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HomeMiscellanyWill heads, instead of dice, roll at the lottery corporation?

Will heads, instead of dice, roll at the lottery corporation?

Bob Mackin 

B.C. Lottery Corporation’s board of directors is scheduled to meet Oct. 25 in Vancouver. 

In the wake of the casino money laundering scandal, will the NDP government fire and replace any directors of the BC Liberal-appointed board, before or after the meeting? 

The six-member board is chaired by former Social Credit attorney general Bud Smith and includes BC Liberal friends like Dueck auto dealer Moray Keith and Century Plaza hotelier Wendy Lisogar-Cocchia. 

Ex-Premier Christy Clark named Lisogar-Cocchia to the board in late 2013, despite a perceived conflict of interest. Lisogar-Cocchia’s Absolute Spa chain includes a location in the River Rock Casino Resort. 

On Dec. 5, 2016 — five months before the provincial election — the board received a presentation by BCLC’s anti-money laundering director Ross Alderson, under the title “Anti-Money Laundering Training.” theBreaker obtained the below copy via the freedom of information law.

BCLC’s Alderson (LinkedIn)

The minutes for the board meeting said the presentation covered: the stages of money laundering and the difference between money laundering and terrorist financing; the legislative framework for anti-money laundering in Canada; the role of FINTRAC, compliance program requirements; casino reporting requirements; and the due diligence process in relation to high risk customers. 

Alderson’s speaking notes include some interesting insider perspective: 

  • “The previous minister for gaming Rich Coleman once went on record stating that ‘casino staff in B.C. will be trained to report suspicious transactions to the pollice.’ This was a little misinformed as the [Proceeds of Crime, Money Laundering and Terrorirst Financing Act] does not authorize a casino employee to report suspicious transactions to the police. BCLC does do that but only because we have an [information-sharing agreeement] with the police.”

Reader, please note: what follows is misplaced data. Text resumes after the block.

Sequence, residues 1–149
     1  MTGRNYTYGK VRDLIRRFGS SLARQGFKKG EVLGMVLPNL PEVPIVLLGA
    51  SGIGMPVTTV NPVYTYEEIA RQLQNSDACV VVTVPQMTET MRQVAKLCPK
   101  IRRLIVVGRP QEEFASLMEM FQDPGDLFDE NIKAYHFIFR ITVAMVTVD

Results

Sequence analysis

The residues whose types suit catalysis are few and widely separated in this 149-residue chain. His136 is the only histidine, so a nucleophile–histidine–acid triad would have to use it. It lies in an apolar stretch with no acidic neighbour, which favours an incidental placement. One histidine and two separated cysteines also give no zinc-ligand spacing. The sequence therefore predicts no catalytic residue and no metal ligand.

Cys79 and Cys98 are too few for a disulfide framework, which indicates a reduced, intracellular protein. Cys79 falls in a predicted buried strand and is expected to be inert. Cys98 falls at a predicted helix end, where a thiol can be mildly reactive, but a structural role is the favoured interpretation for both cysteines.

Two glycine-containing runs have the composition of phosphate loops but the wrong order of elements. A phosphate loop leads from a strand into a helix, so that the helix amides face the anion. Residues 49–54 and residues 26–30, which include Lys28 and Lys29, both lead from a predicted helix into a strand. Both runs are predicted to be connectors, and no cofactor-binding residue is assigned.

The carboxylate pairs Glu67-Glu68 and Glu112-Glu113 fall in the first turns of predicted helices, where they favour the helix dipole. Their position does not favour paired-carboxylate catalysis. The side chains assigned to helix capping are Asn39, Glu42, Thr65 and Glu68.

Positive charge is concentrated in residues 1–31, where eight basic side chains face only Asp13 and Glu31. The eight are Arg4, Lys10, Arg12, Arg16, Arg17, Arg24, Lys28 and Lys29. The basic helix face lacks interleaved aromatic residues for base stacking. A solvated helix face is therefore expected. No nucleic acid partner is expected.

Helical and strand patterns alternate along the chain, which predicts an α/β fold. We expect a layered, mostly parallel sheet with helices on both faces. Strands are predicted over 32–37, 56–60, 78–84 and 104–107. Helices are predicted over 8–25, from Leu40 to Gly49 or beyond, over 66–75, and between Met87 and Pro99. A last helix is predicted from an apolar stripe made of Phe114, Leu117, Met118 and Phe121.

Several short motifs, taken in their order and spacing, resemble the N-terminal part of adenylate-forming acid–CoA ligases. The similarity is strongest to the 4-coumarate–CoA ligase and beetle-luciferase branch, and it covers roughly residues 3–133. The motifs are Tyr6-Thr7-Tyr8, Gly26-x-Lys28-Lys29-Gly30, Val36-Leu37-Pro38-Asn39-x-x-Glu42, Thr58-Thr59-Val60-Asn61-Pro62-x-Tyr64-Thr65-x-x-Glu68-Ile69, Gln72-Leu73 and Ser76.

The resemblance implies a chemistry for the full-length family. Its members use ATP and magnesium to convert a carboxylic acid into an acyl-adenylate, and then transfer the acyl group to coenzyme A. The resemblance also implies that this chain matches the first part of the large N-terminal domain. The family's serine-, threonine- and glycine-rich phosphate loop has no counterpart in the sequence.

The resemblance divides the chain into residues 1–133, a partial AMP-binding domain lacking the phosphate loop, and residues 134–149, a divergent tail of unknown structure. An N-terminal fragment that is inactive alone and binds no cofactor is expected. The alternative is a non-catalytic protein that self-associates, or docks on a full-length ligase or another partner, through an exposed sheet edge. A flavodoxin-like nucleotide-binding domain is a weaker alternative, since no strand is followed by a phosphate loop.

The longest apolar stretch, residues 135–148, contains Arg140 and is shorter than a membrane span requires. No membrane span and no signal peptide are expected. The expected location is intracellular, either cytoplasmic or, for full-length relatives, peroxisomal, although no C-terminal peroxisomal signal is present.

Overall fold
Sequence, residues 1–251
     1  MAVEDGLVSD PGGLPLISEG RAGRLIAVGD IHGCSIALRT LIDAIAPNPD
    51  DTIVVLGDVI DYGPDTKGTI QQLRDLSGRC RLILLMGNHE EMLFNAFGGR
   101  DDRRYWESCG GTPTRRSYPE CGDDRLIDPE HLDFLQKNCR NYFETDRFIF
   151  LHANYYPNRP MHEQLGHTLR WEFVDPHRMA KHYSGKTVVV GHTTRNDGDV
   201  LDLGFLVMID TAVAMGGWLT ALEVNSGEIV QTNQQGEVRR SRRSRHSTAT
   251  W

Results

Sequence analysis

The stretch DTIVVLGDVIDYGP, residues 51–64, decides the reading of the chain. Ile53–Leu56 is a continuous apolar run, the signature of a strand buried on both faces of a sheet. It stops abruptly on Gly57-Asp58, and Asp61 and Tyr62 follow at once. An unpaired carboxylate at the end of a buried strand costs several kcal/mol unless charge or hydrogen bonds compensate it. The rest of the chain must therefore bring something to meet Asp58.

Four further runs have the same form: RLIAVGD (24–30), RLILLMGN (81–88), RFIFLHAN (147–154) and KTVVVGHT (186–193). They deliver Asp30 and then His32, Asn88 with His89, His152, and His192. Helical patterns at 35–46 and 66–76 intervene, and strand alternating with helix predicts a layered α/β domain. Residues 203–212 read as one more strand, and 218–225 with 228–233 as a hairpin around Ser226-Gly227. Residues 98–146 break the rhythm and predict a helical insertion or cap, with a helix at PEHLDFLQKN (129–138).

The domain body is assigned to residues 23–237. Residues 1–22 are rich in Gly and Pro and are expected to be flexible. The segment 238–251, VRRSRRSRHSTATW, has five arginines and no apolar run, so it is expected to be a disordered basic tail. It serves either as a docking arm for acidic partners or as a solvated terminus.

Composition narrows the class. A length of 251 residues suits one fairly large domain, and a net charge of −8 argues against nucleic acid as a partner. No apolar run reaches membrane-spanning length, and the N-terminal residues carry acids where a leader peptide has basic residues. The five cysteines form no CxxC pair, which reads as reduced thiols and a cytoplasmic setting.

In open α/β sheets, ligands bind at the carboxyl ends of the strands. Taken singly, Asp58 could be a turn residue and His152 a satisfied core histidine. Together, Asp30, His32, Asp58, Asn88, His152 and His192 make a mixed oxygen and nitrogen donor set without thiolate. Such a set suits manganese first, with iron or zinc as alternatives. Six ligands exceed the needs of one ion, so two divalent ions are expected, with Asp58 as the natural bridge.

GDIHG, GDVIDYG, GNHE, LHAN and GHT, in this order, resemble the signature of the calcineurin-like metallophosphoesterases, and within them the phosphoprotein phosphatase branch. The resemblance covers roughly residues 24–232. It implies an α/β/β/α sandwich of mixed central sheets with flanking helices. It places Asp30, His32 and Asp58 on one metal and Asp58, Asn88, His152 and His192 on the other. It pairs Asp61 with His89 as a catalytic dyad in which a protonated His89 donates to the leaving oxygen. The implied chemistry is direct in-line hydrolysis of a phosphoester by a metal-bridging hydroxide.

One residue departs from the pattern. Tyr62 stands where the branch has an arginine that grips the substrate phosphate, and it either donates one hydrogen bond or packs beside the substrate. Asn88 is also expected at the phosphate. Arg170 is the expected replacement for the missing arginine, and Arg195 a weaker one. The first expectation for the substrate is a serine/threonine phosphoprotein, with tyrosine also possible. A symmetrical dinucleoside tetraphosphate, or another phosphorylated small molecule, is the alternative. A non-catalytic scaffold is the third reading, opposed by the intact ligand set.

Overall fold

• “Unfortunately or fortunately, depending on how you look at it, no one comes into a casino in an orange jump suit with a bag of cash smelling of weed or covered in white poweder or wearing an I support Hezbollah T-shirt, so reasonable grounds become very subjective.”
  • “The downside of reporting to FINTRAC’s standard howerever is that paricularly in our sector, [suspicious transaction] reports are still seen by anti-gambling critics, media and even those within government as evidence of money laundering occurring within casinos.”

Substantial portions of Alderson’s presentation were censored under sections of the freedom of information law. BCLC feared disclosure would harm the effectiveness of law enforcement investigative techniques and procedures, and facilitate the commission of an offence under provincial or federal law. 

The BC Liberal government suppressed information about money laundering in B.C. casinos before the election. New Attorney-General David Eby appointed University of B.C. law professor and former Mountie Peter German to investigate money laundering in Metro Vancouver casinos.

2016 BCLC Board AML training by BobMackin on Scribd